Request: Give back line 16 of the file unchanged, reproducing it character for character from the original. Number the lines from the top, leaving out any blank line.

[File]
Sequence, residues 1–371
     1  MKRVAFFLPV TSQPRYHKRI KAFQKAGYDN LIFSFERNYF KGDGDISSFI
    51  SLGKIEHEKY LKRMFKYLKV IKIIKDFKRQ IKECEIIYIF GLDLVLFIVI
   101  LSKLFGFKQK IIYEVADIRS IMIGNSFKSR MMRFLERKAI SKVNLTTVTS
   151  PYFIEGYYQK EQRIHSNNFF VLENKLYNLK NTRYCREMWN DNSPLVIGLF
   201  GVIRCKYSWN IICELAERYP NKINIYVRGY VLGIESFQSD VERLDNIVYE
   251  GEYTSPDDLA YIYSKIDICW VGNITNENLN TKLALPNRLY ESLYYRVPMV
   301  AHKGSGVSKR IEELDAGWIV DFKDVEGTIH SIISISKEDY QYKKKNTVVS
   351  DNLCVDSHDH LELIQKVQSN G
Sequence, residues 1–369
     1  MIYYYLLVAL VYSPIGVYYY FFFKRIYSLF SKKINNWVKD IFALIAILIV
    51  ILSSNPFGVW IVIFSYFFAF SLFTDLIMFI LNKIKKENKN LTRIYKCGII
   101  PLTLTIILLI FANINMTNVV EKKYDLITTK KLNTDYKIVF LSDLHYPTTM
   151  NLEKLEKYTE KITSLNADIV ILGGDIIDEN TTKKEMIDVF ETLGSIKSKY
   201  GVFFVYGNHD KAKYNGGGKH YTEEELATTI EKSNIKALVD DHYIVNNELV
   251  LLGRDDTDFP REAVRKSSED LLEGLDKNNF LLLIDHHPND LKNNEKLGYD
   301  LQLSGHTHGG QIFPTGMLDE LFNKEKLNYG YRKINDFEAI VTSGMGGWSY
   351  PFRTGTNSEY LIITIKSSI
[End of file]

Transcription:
   251  LLGRDDTDFP REAVRKSSED LLEGLDKNNF LLLIDHHPND LKNNEKLGYD